LIHU‘E — Kaua‘i County Prosecuting Attorney Justin Kollar said the county is taking a conscientious approach to the spread of COVID-19 in local correctional facilities.
“The county does not control which inmates are released,” Kollar said. “That will be determined by our Circuit Court judges. We will be objecting to the release of some incarcerated people who we feel can’t be safely managed in the community.”
The County of Kaua‘i continues to make sure there is not a sudden surge of COVID-19 cases, like that in the O’ahu Community Correctional Center (OCCC).
“We believe that maintaining the population at the Kaua’i Community Correctional Center (KCCC) at a level that allows for proper isolation, hygiene, and social distancing is the best way for our office to do its part in protecting the employees at the facility,” Kollar said. “Beyond that, it is up to the Department of Public Safety to protect its employees with appropriate guidelines and (personal protective equipment).”
State Sen. Clarence Nishihara criticized Gov. David Ige’s response to the COVID-19 outbreak in OCCC at a Tuesday press conference.
“It seemed like someone dropped the ball from the senior administration, and in this case, the Governor’s office,” Nishihara said. “The Governor’s office is not recommending to the department they should start testing, and not just for one or two, but the whole group.”
As of Tuesday, the Department of Public Safety reported 243 inmates and 57 staff members at OCCC tested positive for the coronavirus. KCCC has recorded zero cases, with only eight inmates tested.
Nishihara was adamant that the spread of COVID-19 is a safety issue for everyone that resides in and works at the correctional facilities.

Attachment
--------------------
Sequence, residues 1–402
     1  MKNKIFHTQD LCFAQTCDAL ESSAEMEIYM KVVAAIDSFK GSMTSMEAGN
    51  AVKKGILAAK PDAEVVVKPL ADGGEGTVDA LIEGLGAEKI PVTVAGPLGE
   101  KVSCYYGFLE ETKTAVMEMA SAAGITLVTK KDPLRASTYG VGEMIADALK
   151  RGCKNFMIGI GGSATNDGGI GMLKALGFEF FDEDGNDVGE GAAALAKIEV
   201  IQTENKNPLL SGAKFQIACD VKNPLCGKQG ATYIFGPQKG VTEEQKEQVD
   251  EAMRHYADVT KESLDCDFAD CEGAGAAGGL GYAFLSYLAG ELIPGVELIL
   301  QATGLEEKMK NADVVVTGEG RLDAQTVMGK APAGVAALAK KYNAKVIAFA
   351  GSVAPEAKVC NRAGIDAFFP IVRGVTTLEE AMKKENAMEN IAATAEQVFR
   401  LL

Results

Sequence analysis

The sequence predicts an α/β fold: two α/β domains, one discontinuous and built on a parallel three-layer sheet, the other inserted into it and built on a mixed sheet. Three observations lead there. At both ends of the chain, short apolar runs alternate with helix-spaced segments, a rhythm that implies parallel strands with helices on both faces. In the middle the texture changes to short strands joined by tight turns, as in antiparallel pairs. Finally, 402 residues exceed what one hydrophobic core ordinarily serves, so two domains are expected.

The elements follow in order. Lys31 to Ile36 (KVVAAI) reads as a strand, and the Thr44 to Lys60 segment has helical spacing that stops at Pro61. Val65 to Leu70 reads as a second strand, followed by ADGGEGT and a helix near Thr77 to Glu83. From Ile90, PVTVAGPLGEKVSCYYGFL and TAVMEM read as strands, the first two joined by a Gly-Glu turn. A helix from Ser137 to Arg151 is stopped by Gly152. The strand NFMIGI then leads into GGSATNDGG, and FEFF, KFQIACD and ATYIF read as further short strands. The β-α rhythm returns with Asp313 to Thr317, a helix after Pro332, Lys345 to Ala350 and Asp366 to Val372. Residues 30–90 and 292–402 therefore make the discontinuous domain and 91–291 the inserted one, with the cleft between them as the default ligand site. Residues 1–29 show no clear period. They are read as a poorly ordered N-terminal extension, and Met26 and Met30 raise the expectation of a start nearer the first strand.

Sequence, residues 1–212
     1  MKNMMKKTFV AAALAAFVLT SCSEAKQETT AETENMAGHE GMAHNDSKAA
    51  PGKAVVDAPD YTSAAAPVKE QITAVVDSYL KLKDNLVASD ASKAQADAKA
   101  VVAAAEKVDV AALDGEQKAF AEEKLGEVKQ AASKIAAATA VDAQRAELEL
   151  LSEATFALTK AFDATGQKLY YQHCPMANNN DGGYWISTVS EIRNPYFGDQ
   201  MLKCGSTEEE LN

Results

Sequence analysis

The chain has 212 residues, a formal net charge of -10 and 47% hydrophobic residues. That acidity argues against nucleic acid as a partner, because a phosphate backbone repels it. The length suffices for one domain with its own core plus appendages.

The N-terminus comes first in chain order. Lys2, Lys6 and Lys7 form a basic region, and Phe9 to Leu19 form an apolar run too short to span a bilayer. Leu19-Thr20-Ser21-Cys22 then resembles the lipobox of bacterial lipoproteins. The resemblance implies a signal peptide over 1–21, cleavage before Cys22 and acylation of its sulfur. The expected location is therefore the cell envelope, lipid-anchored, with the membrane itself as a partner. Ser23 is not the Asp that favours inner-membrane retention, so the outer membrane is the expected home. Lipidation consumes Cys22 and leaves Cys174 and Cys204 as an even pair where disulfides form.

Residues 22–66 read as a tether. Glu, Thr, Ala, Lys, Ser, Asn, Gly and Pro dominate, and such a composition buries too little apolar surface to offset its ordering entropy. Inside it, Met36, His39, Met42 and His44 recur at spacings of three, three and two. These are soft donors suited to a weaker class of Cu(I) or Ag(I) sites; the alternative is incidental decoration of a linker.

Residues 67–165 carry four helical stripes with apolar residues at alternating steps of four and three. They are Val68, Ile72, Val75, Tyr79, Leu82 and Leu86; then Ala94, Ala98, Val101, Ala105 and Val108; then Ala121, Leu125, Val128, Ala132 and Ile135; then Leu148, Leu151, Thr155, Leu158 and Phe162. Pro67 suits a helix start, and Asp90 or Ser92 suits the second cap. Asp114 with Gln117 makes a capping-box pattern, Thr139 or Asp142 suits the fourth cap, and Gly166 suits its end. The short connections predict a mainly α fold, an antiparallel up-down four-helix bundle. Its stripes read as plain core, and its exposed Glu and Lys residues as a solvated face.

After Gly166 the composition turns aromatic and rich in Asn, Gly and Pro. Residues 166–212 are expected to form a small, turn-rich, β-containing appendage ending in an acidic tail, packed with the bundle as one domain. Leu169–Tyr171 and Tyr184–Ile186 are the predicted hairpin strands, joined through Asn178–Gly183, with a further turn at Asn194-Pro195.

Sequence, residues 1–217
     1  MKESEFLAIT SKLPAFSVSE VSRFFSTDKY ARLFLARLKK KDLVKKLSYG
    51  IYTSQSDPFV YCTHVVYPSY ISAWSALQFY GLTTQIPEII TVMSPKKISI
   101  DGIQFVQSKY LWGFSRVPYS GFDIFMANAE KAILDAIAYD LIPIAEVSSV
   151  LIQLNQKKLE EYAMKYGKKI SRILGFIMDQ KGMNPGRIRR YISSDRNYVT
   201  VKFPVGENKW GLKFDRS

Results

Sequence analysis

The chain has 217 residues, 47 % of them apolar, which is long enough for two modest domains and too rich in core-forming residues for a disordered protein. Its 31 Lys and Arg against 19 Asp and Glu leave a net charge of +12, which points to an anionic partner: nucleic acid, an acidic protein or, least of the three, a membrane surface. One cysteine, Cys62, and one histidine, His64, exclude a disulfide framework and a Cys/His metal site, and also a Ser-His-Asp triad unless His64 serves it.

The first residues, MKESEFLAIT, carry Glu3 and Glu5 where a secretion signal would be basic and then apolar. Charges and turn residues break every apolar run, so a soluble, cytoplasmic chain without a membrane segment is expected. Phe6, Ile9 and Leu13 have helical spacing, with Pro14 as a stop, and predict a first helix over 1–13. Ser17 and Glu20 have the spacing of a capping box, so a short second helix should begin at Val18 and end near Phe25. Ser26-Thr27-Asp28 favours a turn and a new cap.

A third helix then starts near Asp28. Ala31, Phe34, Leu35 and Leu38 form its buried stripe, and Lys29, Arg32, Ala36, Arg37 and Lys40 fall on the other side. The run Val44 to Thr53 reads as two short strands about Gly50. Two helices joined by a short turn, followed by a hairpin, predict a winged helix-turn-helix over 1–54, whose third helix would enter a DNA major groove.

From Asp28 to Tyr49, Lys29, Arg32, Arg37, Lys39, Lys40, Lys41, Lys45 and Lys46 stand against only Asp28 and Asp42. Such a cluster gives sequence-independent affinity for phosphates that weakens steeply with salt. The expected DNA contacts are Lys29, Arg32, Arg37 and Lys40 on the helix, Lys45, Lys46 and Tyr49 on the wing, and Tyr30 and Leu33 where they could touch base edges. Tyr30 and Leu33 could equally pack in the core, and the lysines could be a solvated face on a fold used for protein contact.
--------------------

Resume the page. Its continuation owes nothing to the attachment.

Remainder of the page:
The Office of the Public Defender filed a petition on August 12, which seeks a reduction in the inmate population at the state’s correctional centers and facilities to mitigate the harm that may be done to inmates, workers and members of the community for lower-risk offenders.
The high court’s order requires all pretrial detainees charged with low-level crimes and those serving time for the same crimes to be temporarily released without a hearing.
Some exceptions for detainees accused of domestic violence or violating restraining orders or protective orders and those who have tested positive for the virus or are awaiting a test or exhibiting symptoms will be excluded.
“The guards themselves are very fearful for their lives, their family’s lives, as well as (the safety) of the inmates because they don’t feel they have received the proper care,” Nishihara said Tuesday.
Nishihara expressed concern for the lack of accessibility to personal protective equipment for correctional facility employees and inmates.
“It is pretty clear from what I’ve been told, and not from the director, that they aren’t receiving the proper face masks,” Nishihara said. “They were told they couldn’t use N-95s, and they have to interact with inmates that have tested positive.”
Nishihara mentioned efforts to hold a public information briefing to keep the public informed about protocols, laws, and state efforts to control the virus’s spread.
“The public is certainly interested in knowing more information, but they aren’t getting much,” Nishihara said. “I think people want to have more information.”
Nishihara claims the state has the necessary funding to do the essential testing it received through the federal Coronavirus Aid, Relief, and Economic Security (CARES) Act.
“I would hope that we can get more funding, and we certainly have the funds through the CARES Act, but the Governor has released very little of it,” Nishihara said. “They’ve only released about 40%, and I am not sure what the Governor is waiting for.”
Jason Blasco, reporter, can be reached at 245-0437 or email@example.com.